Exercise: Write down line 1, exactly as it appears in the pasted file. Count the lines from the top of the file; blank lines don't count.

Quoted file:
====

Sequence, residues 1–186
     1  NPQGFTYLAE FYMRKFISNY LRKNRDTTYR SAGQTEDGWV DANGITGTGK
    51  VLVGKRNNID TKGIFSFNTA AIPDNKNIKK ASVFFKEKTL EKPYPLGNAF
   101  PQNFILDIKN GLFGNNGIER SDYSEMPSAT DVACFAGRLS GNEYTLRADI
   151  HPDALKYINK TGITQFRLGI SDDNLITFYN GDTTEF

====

Sequence, residues 1–186